Israeli Spyware May Have Helped Khashoggi Killers, Snowden Says
(Bloomberg) -- Israel-based NSO Group Ltd. may have helped Saudi Arabia track and kill government critic Jamal Khashoggi at the kingdom’s consulate in Istanbul last month, fugitive U.S. whistle-blower Edward Snowden told an Israeli audience by video conference.
NSO said the former American intelligence contractor isn’t familiar with the group’s operations and has nothing authoritative to back up his claims.
Speaking late Tuesday from an undisclosed location in Moscow, Snowden said Israeli companies like NSO Group are among the leaders in selling spyware programs that allow governments to monitor their political opponents.
The company’s Pegasus software, which can infect a target’s smartphone and in effect turn it into a spying device, had been installed on the phone of another Saudi dissident who was in contact with Khashoggi, Snowden said, citing the Canadian internet security think tank Citizen Lab. This could have helped the Saudis track Khashoggi and lure him to the consulate, Snowden said, without giving any evidence that it did.
NSO Group is “the worst of the worst in selling these burglary tools, that are being actively used to violate the human rights of dissidents, opposition figures, activists, to some pretty bad players,” Snowden said, speaking from an undisclosed location in Moscow. “But they are not alone.”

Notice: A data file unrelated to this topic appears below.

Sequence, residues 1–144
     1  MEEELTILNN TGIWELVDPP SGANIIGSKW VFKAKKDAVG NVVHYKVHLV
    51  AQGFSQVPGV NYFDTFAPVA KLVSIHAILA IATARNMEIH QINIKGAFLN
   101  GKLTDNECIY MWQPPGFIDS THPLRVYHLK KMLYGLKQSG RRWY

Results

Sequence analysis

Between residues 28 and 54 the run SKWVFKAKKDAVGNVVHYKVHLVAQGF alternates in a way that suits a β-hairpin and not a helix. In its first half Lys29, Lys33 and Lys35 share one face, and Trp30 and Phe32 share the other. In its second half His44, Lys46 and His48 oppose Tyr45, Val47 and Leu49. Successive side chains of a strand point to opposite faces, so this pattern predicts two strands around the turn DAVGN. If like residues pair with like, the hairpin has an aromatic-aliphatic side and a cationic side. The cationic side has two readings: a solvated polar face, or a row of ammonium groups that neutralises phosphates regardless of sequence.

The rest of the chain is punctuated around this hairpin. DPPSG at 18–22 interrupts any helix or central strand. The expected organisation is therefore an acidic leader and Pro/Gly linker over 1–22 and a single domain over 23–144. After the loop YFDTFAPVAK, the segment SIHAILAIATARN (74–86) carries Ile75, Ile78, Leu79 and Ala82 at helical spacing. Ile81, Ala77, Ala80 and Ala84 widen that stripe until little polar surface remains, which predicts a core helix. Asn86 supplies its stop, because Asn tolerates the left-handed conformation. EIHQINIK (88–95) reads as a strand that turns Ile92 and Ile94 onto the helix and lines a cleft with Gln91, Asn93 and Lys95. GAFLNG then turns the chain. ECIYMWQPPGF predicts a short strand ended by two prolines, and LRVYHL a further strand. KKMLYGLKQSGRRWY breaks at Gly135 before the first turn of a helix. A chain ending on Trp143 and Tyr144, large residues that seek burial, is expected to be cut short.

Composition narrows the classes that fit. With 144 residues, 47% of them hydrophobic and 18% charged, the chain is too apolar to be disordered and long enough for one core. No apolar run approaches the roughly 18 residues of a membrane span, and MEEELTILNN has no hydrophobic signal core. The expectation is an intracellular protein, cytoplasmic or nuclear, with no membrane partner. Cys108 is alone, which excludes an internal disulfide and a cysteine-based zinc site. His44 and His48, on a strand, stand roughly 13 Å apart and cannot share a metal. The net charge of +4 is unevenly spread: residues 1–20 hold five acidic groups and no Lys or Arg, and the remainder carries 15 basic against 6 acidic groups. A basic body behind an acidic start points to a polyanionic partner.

Whistle-blower or Traitor?
The Israeli company said it sells its systems only to authorized governments for use in fighting crime and terrorism.
NSO Group “is the only company of its kind in the world that has an independent ethics committee, including outside experts with a background in law and international relations, to prevent its products from being used for bad purposes,” it said in a statement Wednesday. “In contrast to what’s published in the media, the company does not sell and does not allow their use in many countries.”
Snowden, 35, a former CIA employee and National Security Agency contractor, has lived in Russia since 2013, when he fled the U.S. and exposed clandestine NSA programs that collect phone and Internet data.
His videoconference, organized by Tel Aviv-based public relations firm Orenstein & Hoshen, was billed as his first appearance before an Israeli audience. He said he had rejected pressure from anti-Israel boycott activists to cancel the event.
Invited to give a rejoinder, Ram Ben-Barak, a former deputy director of Israel’s Mossad spy agency, called Snowden a “traitor” to the U.S. who should be prosecuted. He depicted Snowden as a naïve young man who didn’t understand the way the world works.
“How nice to be a liberal, to say nice things about freedom of expression,” but Snowden’s description of inimical government surveillance is far from reality, Ben-Barak told the audience. “The system is there to protect you, to protect us.”
Presented by the moderator with two descriptions of Snowden, about two-thirds of audience members said they view him as a “freedom fighter,” while the rest said they saw him as a criminal.
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